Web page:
Paths consists of five compositions forming a totality of 53 minutes. The music is derived from three multichannel pieces premiered at the Tectonics festival in Reykjavik (2014), the Ephemere series in The Hague (2014) and Presences electroniquefestival in Paris (2015). These have been further reduced, combined and rearranged resulting in the five compositions found on the album. We may think of music as navigating between di*erent moments of continuous change. One chooses a starting point and from there tries to reach other positions. The way a contact between these occurs is however always di*erent and depends on the engagement with previous points of encounter. Even very static situations create perceptual illusions of development, producing prolonged and continuous experience. It could be how things change that creates the feeling of time. Perhaps all development is a matter of process, of activity, of change. We have di*culties apprehending what we are but little di*culty experiencing what we do. This behaviour based view is an important aspect of the album that explores previously experienced musical situations, di*erent points of contact, paths through musical material.
Mastered by Erik Nylstrom
Artwork by Opora
Of course I might be wrong, and I did hear of Bjarni Gunnarsson, but a quick survey of the old weeklies learnedthat this might be my first introduction to his work, despite having releases on Vertical Form, Thule, Uni:form,Spezial Material, Trachanik, Lamadameaveclechien, Shipwrec and 3LEAVES — and some of these labels actuallymake it to these pages. On 'Paths' we find five pieces, which originally were part of three multichannel pieces,but of course now turned into stereo. The title may refer to the routes the sounds travel to various speakers hangingin space. This is an area that is of much interest for Gunnarsson and he worked in various studios offering suchsound surround speakers, including the WFS system in Berlin, which has 832 speakers. He studied with peoplelike Trevor Wishart and Curtis Roads and teaches now in The Hague himself. The five pieces on this CD are quitevibrant pieces of computer music with a very classical touch in terms of musique concrete. His pieces bounce upand down and go all over the place, and one never recognize any of the original sound input. I am sure all of theclassical tools are used, such as max/msp or Ina/Grm tools to transform these sounds ad infinitum. It's easy tosee how this would work if it would be played on more speakers; leaping up and down, side ways and spinning outof control, even when a piece is quiet, such as 'Pulsatiles'. This is not music to settle down with and keep quiet,but is quite a major tour de force, which needs quite a bit of volume for it's playback.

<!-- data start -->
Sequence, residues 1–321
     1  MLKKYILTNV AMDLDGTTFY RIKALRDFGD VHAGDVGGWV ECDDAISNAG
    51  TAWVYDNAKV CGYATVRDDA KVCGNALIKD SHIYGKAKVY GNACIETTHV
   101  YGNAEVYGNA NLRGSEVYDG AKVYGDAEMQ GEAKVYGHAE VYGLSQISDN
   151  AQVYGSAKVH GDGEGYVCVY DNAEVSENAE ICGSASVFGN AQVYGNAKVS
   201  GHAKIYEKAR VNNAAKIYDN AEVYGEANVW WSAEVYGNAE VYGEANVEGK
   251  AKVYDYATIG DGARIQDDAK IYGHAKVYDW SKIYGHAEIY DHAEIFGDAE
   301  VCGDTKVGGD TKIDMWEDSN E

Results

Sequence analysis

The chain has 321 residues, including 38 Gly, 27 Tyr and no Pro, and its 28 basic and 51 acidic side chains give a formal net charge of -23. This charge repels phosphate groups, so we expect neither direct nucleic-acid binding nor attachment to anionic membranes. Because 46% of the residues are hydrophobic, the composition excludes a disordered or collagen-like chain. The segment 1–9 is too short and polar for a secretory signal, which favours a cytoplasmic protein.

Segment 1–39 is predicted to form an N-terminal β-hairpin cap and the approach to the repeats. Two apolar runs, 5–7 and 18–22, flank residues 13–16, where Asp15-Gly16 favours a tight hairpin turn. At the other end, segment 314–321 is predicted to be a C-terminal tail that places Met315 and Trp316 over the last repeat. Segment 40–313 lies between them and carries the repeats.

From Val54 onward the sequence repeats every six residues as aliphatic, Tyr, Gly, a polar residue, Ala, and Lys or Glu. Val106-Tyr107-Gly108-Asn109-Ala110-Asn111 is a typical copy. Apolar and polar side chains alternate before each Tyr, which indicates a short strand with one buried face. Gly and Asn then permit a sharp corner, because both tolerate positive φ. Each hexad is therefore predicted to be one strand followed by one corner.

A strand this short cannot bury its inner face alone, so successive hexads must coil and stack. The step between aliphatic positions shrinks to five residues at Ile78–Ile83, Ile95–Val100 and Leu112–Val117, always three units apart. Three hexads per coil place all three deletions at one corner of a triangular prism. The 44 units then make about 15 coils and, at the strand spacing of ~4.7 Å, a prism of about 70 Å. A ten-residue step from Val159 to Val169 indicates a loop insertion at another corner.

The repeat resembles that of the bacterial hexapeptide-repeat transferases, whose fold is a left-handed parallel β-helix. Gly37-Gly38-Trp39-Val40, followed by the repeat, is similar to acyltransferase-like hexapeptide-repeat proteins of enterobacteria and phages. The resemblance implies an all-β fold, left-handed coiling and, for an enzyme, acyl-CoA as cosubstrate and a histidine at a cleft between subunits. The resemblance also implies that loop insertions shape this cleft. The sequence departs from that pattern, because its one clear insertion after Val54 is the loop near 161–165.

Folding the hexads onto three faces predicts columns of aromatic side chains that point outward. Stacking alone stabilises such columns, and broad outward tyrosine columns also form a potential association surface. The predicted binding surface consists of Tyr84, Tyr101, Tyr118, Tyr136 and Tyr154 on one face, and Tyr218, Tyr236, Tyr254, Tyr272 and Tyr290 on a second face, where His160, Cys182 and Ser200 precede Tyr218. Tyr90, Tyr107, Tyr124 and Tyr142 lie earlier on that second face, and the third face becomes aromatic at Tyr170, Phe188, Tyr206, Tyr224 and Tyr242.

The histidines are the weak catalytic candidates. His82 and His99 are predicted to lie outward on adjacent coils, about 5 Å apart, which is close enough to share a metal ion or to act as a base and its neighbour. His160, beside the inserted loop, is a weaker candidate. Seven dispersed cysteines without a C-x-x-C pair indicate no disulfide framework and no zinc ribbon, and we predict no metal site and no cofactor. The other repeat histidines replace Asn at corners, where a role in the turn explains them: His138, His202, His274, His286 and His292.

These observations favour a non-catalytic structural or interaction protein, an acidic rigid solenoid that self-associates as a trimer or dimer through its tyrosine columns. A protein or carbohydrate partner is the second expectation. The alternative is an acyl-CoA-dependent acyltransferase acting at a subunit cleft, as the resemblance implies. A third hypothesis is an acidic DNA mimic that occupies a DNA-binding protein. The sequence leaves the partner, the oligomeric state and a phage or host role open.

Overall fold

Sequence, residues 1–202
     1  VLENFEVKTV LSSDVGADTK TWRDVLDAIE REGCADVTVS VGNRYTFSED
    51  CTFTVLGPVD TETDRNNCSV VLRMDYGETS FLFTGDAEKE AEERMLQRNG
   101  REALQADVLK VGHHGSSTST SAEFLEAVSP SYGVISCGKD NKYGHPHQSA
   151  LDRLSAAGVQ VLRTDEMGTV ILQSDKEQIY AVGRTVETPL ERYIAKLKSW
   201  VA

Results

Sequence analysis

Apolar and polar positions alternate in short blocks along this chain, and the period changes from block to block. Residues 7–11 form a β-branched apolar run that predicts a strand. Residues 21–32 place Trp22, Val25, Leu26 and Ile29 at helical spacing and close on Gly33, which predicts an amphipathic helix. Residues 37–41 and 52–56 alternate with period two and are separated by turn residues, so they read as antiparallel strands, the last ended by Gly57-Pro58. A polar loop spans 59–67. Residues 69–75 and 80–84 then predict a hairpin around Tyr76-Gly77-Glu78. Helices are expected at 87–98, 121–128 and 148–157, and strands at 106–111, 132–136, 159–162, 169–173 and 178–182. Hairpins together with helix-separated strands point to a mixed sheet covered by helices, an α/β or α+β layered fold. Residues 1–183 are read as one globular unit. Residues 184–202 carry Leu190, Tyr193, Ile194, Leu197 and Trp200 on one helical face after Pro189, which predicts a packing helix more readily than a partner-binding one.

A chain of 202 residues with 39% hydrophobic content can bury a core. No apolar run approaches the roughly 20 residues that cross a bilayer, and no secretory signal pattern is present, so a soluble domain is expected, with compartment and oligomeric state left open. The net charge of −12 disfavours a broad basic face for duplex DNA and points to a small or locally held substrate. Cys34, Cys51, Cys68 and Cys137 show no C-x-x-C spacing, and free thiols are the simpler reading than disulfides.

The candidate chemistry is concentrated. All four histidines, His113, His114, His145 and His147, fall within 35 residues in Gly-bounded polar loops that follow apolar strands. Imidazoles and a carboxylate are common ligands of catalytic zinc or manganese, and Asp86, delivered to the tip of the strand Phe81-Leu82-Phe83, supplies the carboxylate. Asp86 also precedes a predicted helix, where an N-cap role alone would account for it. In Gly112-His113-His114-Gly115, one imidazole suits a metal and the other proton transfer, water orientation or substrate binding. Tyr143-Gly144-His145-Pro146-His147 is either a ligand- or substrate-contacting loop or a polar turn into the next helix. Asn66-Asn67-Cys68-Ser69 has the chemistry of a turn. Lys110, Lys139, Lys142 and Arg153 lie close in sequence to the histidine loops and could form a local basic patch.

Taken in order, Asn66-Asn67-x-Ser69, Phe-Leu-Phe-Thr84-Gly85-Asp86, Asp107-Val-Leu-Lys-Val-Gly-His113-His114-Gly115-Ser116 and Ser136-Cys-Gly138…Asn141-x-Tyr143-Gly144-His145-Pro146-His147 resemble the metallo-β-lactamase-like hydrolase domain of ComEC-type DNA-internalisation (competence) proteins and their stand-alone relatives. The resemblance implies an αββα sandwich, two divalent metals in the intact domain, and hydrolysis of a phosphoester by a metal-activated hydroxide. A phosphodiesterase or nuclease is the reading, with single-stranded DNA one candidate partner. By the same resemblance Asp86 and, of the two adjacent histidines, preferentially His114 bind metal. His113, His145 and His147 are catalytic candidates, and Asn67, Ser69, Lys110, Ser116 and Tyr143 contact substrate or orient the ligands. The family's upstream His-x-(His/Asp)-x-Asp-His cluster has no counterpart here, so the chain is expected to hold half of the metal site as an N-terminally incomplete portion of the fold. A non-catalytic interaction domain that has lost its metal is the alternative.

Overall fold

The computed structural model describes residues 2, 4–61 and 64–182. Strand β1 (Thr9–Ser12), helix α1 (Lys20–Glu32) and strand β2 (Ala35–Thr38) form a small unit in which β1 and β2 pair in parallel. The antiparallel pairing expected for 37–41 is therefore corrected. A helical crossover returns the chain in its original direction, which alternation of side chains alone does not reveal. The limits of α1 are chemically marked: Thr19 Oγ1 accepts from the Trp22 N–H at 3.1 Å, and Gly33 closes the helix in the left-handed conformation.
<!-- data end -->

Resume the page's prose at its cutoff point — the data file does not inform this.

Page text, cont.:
Of course I might be wrong, and I did hear of Bjarni Gunnarsson, but a quick survey of the old weeklies learned that this might be my first introduction to his work, despite having releases on Vertical Form, Thule, Uni:form, Spezial Material, Trachanik, Lamadameaveclechien, Shipwrec and 3LEAVES — and some of these labels actually make it to these pages. On 'Paths' we find five pieces, which originally were part of three multich